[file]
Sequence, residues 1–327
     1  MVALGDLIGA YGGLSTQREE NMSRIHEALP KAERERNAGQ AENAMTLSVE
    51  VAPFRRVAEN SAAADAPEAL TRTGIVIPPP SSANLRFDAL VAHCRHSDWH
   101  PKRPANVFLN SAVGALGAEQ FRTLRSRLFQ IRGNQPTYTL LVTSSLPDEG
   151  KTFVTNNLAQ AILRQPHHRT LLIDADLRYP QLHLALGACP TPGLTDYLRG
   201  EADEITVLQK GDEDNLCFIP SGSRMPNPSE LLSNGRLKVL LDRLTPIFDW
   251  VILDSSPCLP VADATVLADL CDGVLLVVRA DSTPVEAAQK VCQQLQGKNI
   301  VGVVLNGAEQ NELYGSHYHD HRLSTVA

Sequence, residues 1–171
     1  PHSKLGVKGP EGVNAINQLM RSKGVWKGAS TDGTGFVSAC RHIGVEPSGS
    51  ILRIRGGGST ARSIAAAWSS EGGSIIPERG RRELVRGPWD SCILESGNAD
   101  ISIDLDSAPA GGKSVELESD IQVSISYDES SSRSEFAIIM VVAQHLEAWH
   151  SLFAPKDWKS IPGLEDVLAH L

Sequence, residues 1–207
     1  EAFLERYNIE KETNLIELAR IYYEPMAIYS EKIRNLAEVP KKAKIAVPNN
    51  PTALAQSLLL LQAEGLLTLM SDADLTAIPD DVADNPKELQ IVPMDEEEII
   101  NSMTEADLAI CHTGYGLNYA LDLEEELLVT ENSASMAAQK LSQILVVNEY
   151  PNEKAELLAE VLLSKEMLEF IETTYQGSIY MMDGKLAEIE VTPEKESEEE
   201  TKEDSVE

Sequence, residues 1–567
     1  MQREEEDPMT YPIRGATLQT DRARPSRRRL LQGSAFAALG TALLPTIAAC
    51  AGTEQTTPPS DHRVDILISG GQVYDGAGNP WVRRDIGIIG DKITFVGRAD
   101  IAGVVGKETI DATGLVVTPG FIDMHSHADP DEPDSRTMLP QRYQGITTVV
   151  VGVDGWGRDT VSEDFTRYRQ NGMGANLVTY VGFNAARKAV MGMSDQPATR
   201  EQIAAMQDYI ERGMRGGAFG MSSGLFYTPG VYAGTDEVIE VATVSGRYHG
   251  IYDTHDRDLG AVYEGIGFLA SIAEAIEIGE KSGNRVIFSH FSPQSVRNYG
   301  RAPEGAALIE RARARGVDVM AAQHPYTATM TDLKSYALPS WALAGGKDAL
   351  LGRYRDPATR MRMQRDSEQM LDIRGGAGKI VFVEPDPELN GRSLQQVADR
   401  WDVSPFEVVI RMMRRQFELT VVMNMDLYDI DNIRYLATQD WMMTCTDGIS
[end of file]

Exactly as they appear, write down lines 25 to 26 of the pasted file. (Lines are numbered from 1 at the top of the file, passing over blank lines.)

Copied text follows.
   201  EQIAAMQDYI ERGMRGGAFG MSSGLFYTPG VYAGTDEVIE VATVSGRYHG
   251  IYDTHDRDLG AVYEGIGFLA SIAEAIEIGE KSGNRVIFSH FSPQSVRNYG